Margaret Kristin Merga in The Conversation August 9 2021
Conversation article by Margaret Kristen Merga from Edith Cowan University
outlines the findings from
a research project on school libraries and well-being provide insight into how
books and reading can help young people deal with the well-being challenges of
the pandemic. The findings suggest books can not only be a great escape during
this challenging time, but also offer further well-being benefits. Parents,
teachers, school librarians and school leaders will appreciate this article.
Key words: Reading research School libraries Reading for pleasure Fostering empathy Well-being Pandemic,
Link to Touchstones
1, 3, 4, 5, 6, 7, 9, 11
Brian Cambourne, University of Wollongong Foundation for
Learning and Literacy, April 2021
Brian Cambourne provides a summary of the history of the debates about reading instruction dating from as far back as 1779 and outlines the debates that have occurred, and reoccurred through the 1950’s, 1960’s, 1970’s and continue to resurface every decade since. Cambourne’s history begs the following question: 'Why is reading education so pedagogically confused? The answer to this question lies in history as well as in different understandings about what reading is.’ This short paper published by the Foundation for Learning and Literacy provides a very useful perspective with Cambourne concluding that ‘Such theoretical arguments are not helpful for the teaching profession or the teaching of reading. To date, not enough attention has been paid to educators’ experiences and their evidence in helping children learn to read in classroom contexts.’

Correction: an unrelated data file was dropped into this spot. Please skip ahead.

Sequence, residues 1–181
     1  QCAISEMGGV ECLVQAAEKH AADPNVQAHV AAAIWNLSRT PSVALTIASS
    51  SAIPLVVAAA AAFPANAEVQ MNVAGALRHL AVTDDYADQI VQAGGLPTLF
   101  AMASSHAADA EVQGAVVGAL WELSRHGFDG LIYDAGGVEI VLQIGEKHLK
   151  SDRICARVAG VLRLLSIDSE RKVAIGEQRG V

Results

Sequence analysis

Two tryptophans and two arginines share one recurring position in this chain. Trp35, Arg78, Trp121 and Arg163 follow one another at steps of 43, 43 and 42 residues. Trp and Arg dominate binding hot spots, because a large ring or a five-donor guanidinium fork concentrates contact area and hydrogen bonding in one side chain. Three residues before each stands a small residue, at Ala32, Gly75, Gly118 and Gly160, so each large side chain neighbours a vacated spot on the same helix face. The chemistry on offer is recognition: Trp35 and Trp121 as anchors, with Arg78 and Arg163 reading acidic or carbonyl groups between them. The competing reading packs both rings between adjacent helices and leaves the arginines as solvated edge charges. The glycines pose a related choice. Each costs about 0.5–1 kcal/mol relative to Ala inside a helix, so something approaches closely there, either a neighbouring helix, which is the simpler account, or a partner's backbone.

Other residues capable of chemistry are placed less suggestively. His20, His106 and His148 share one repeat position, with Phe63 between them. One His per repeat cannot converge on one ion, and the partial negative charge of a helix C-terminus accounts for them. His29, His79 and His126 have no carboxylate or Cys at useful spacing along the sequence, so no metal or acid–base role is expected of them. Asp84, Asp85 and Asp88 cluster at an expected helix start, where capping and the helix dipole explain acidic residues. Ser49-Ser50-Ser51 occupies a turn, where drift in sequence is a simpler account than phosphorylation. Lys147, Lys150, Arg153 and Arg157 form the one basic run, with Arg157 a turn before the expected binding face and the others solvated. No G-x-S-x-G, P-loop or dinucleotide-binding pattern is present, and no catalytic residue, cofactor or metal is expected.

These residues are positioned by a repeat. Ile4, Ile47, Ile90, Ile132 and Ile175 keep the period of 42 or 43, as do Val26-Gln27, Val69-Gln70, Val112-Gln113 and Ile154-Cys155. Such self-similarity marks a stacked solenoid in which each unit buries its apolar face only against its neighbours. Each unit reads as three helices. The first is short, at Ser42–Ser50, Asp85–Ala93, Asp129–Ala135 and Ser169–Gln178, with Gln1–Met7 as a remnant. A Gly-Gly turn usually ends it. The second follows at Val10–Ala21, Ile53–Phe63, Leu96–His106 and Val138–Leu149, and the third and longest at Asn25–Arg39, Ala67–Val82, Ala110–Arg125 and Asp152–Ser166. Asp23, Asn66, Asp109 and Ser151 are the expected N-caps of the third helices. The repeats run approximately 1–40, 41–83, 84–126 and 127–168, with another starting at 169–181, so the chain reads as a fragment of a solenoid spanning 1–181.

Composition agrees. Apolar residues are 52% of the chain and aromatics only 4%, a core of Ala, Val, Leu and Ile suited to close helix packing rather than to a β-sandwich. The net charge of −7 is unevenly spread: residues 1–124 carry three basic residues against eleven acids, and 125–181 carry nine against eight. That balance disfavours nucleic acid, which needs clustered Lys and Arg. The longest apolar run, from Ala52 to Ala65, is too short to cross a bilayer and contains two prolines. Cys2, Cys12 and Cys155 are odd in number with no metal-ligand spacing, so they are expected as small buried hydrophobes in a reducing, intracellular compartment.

Key words: Reading Reading wars Reading research Reading pedagogies
ABC News online 4 July 2021 by Sarah Scopelianos
This short online article provides insights for parents and educators into the benefits of using audible books with children alongside reading aloud to them. The article cites research undertaken by the UK National Literacy Trust that found “benefits to listening to audio that mirror those of reading, and [these] really helped legitimise their place as part of a child's reading journey”.
Advice from Australian literacy expert Misty Adoniou was sought. She advises parents to read to their children, not only to build their relationships but also for greater learning outcomes. Dr Adoniou, an adjunct associate professor in literacy and language at the University of Canberra and a principal fellow at the University of Melbourne, says reading isn’t just about sounding out words. She describes it as “gaining meaning”. Misty Adoniou acknowledges that some of the benefits of reading aloud carry over into audiobooks, like exposing young readers to harder books they can’t read yet. “If we leave it, we’ll just have kids reading what they’re able to read by themselves [and] then they’re stuck on low-level, low-interest books in the beginning,” Dr Adoniou says. More complex stories increase a child’s vocabulary, which is a huge benefit."We know that the size of your vocabulary is the best indicator of success at school; not just in reading, in every curriculum area," Dr Adoniou says.
Key words: Reading Vocabulary Audible books,
Jo Padgham (Principal, Turner School 2016)
This article provides ideas for parents on how to support early reading development. The article gives suggestions that can be easily incorporated into family routines.
Key words: Reading Early childhood
Wilhelm, Jeffrey D. Edutopia; October 30, 2017